What about Brahms and Schumann's collaborations? You'd be hard-pressed to call that folk music.

  10. #10
    some guy
    Guest

    Default

    Quote Originally Posted by Argus View Post
    You love the hardcore Belgian techno scene.

    Check it out:http://www.youtube.com/watch?v=zQJRwqk6cvs

    Now what's the difference between eRikm and that?

    You can't be serious. How much eRikm have you heard? (Do you really find any of his stuff even remotely like that Belgian techno???)

    http://www.youtube.com/watch?v=gWXyLRT81-o

  11. #11
    Senior Member Grosse Fugue's Avatar
    Join Date
    Mar 2010
    Location
    Chester,UK/Memphis, Tn USA
    Posts
    172
    Post Thanks / Like

    Default

    Quote Originally Posted by Huilunsoittaja View Post
    I agree to all said so far. It really is about style.

    The opposite of "classical" I would call "popular," because it doesn't have the same lasting impression on many generations the way "classical" does. Sure, there is "classic pop," that is, popular music that becomes classic, but then that would be differentiated from classical music by its style.
    Remember that classical used to be "popular" Peasants would hum the arias of Puccini. To me the style of music discussed here is Western music (but not always by western artists or composers)that is in a certain tradition. We can draw a line with developments in Baroque taken into "classical" and beyond, with further developments and reactions along the way.

    Also I would say to a certain extent classical is whatever it is understood that a person means when they say classical. Usage decided meaning I would say.

    There are classical traditions in other cultures but when most people, even outside the West, say 'classical' they mean Bach and Beethoven and the rest of them. We are getting into a very technical area. For the most part we all know what is meant by the statement,"Bellini was a classical composer who is now decomposing."


    I can't believe I made that joke on a classical music forum

  12. #12
    Senior Member StlukesguildOhio's Avatar
    Join Date
    Dec 2006
    Posts
    7,491
    Post Thanks / Like
    Blog Entries
    9

    Default

    Short answer: Classical = Art, Other music = entertainment

    From what I have gleaned, a great deal of what we define as "classical music" was intended primarily as entertainment. But by being entertainment we do not exclude the possibility of something also being art. Shakespeare, by all accounts, was quite entertaining... and popular enough as an entertainer to retire quite wealthy. The Magic Flute is eminently entertaining... does that make it lesser art?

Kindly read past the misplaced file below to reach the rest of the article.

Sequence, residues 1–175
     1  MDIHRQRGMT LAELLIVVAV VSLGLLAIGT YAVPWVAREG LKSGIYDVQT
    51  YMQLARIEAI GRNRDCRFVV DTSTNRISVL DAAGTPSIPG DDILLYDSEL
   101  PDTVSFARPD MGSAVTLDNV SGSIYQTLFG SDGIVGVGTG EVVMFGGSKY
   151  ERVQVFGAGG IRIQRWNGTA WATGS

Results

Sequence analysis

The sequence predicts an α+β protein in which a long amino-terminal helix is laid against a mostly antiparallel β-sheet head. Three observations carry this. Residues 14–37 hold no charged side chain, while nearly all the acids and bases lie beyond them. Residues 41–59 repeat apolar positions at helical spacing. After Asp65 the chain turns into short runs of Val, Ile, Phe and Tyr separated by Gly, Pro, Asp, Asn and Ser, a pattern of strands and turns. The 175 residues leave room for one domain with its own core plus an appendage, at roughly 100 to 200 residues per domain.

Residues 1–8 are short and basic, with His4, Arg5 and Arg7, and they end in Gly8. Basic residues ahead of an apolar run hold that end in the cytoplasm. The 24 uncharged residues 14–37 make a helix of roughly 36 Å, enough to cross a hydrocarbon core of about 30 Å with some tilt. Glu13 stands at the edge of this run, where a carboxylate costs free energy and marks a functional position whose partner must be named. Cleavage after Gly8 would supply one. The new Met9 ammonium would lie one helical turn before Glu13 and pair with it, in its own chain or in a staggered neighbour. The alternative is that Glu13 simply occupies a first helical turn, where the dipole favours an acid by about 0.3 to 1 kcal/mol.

13. #13
    Senior Member StlukesguildOhio's Avatar
    Join Date
    Dec 2006
    Posts
    7,491
    Post Thanks / Like
    Blog Entries
    9

    Default

    I would define classical music as spine of European musical culture.

    So Indian music, Japanese music, Gamelan, etc... are not "classical music"... perhaps mere "ethnic music"? And those composers who break from the European tradition? Wouldn't that include Schoenberg, Berg, Cage, Glass, Murail, etc... as well as Ellington... perhaps in some ways more than Ellington? So we must wait to see what the European tradition... if such survives... accepts of the music of the last 100 years? But then again... isn't something like American Bluegrass deeply rooted in music from the British Isles... or are we suggesting that only some of the European tradition counts as "classical"? So how do we clearly define that?

  14. #14
    Senior Member StlukesguildOhio's Avatar
    Join Date
    Dec 2006
    Posts
    7,491
    Post Thanks / Like
    Blog Entries
    9

    Default

    For real heat, I would think the "good" and "bad" categories would be much more productive!!

    But hasn't Argus and others (I hesitate to say yourself) suggested that there is no "good" nor "bad" ("but thinking makes it so"?)

  15. #15
    Senior Member StlukesguildOhio's Avatar
    Join Date
    Dec 2006
    Posts
    7,491
    Post Thanks / Like
    Blog Entries
    9

    Default

    I agree to all said so far. It really is about style.

    The opposite of "classical" I would call "popular," because it doesn't have the same lasting impression on many generations the way "classical" does. Sure, there is "classic pop," that is, popular music that becomes classic, but then that would be differentiated from classical music by its style.


    How do you define that "style". There is a world of difference between Perotin, Mozart, Wagner, Schoenberg, Gerschwin, Penderecki, Philip Glass, and Osvaldo Golijov. If we suggest that we can only define something as "classical" music if it survives... (How long exactly? Elvis, Duke Ellington and hank Williams still resonate with an audience that is probably quite a bit larger than the audience for Gesualdo or Monteverdi)... are you then suggesting that Philip Glass, John Cage, Penderecki, Ligeti, etc... do not qualify as "classical" composers?

Page 1 of 5 12345 LastLast

Posting Permissions

  • You may not post new threads
  • You may not post replies
  • You may not post attachments
  • You may not edit your posts
  •